Service types explained

Changes to the law from April 2018

The Regulation and Inspection of Social Care (Wales) Act 2016 came into force April 2018.

Which services does this affect?

  • Care homes
  • Children’s homes
  • Domiciliary care
  • Residential family centres
  • Secure accommodation services
  • Fostering services
  • Adoption services
  • Adult placement services, and,
  • Advocacy services

For fostering, adoption, adult placement and advocacy services, new regulations will not come in until April 2019.

There are transitional arrangements so that the current Care Standards Act, regulations and national minimum standards will continue to apply until providers are registered under the new law. More information about the new law and re-registration is available here.

Adult Placement Scheme

An adult placement service places up to 3 adults with an individual, who provides accommodation and care and support to the adult(s) at the individual’s own home.

Care home

A care home service provides accommodation, together with nursing or care, to an individual(s) because of their vulnerability or need.

They may provide one or more of the following services:

  • Care home for adults with nursing
  • Care home for adults with personal care
  • Care home for children with nursing
  • Care home for children with personal care
  • Provision for learning disability
  • Provision for mental health

Children's day care

Child minder 

A person registered to provide care in their own home for a specified number of children under 12 years old.

Crèche

Provides occasional day care for children under 12 years old.

Full day care  

Provides day care for children under 12  years old for four hours or more in a day, outside of domestic premises. Examples include day nurseries, children’s centre , some family centres and wrap around care.

Out of school care

Provides care for children from age 3 years or older for more than 2 hours a day. Examples include break fast clubs, after school clubs, holiday play schemes and summer camps.

Sessional day care

Provides day care for children under 12  for four hours a day outside of domestic premises. Usually the service is use d by children aged 3-5 years rather than babies or toddlers, although some may admit 2 year olds.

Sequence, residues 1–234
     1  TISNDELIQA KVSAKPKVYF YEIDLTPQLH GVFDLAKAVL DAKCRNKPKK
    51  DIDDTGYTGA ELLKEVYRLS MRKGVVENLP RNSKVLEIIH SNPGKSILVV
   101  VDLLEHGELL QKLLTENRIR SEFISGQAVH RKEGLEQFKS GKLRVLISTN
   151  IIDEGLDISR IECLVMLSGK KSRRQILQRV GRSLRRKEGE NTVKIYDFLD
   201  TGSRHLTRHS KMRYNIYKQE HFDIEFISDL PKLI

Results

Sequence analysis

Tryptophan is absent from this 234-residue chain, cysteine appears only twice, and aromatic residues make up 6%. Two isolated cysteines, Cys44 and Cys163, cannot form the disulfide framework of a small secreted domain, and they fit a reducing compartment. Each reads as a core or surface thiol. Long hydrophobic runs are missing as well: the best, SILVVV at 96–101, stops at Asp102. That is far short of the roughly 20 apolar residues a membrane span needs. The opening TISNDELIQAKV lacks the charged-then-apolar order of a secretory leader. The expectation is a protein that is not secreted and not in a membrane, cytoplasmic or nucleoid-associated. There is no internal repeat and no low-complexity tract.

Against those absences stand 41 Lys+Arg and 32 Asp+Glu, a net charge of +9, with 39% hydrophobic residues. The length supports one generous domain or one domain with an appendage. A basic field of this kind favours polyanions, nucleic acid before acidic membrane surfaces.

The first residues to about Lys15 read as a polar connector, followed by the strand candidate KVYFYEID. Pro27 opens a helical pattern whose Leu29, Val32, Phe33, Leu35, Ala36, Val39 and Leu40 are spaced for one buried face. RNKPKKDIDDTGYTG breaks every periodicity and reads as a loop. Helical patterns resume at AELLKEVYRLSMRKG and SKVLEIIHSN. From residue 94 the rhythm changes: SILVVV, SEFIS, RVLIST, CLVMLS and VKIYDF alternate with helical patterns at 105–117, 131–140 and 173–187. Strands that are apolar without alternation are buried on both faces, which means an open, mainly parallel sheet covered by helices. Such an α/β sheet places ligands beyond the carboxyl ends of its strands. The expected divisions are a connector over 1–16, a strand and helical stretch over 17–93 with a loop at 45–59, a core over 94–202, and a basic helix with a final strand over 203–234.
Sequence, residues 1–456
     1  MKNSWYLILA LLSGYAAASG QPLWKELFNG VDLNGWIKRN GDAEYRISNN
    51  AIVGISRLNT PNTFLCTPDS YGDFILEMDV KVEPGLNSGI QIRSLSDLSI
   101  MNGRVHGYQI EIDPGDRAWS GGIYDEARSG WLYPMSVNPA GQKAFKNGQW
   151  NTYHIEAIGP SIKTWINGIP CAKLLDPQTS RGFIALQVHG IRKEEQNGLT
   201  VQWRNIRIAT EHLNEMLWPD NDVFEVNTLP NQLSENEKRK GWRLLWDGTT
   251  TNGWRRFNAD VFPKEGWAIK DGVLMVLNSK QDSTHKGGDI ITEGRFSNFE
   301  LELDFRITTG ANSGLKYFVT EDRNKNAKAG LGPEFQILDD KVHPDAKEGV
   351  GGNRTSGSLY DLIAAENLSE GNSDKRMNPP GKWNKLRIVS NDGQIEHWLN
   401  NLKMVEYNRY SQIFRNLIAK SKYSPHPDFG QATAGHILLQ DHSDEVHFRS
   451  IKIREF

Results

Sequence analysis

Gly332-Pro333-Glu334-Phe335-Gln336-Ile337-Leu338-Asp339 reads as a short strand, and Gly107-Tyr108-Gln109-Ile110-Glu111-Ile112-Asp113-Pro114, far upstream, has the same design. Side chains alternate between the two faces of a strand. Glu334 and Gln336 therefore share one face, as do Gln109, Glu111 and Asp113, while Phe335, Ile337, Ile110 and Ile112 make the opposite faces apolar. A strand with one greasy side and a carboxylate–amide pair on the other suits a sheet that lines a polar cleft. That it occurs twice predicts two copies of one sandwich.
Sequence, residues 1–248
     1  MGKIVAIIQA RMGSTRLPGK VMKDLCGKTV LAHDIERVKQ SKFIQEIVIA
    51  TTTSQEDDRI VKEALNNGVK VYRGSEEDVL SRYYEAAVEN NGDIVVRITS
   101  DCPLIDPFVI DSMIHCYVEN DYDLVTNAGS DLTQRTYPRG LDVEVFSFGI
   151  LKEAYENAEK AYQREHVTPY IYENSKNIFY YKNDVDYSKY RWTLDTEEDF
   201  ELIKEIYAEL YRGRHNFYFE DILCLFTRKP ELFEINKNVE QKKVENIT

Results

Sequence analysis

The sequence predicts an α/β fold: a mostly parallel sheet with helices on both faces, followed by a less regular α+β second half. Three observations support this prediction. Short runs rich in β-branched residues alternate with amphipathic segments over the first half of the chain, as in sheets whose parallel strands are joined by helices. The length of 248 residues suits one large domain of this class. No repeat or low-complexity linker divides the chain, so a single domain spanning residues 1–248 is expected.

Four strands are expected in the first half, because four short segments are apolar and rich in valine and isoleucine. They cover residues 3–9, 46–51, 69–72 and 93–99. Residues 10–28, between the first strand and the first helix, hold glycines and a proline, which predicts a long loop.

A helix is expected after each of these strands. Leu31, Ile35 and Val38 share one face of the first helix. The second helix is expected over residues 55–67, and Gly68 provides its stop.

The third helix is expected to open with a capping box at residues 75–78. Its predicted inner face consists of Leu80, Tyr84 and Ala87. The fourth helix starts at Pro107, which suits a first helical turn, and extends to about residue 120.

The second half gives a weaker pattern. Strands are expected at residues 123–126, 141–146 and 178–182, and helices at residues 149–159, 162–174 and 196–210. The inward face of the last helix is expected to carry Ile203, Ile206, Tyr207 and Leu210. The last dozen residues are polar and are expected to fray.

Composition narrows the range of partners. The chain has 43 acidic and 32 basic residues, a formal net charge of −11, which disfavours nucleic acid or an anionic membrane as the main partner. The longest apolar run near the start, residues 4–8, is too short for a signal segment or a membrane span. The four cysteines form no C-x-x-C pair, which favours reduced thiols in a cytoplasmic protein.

Open access play provision

Allows children to play, learn, develop and mix with other children in a safe environment without parental supervision. Examples include soft play centres or play schemes.

Children's services

Adoption services

An agency that assesses, prepares and approves potential adopters who want to provide children with a stable life.

Fostering services

This service provides a range of placements for children and young people aged 0-18 years who are unable to live with their birth family and who are 'looked after' by local authorities. They are operated by local authorities and independent fostering agencies.

Residential family centres

Centres where parents undergo a residential assessment of their ability to care safely for their children. Usually arranged by the local authority or at the direction of the courts.

Residential schools

Boarding schools

Boarding schools provide education and accommodation for school age children during term time. Children may attend each day, but others live on the premises during term time and are cared for out side of school hours, including weekends by boarding school staff.

Further education colleges

Further education colleges can provide accommodation for students to live on site whilst they are studying.  They are registered with us if accommodation is provided for students who are under the age of 18 years.

Residential special school

Residential Special Schools offer residential placements for pupils with moderate learning difficulties and behavioural problems. Pupils may have been   excluded from, or have difficulty attending mainstream school and may be subject to a Statement of Special Educational Need.

Secure Accommodation Service

A secure place for young people aged 12-17 years placed through the Courts, due to offending behaviour or because they pose a significant risk to themselves or others in the community.

Domiciliary support service

The provision (or making arrangements for the provision) of care and support to people who are unable to provide it for themselves because of their vulnerability or need and is provided to the person where they live.

Supported living

Supported living accommodation is often shared, but can be a single household where care and support is provided to people as part of the support that they need to live in their own homes. The personal care is provided by a domiciliary support service, under separate contractual arrangements to those for the person’s housing.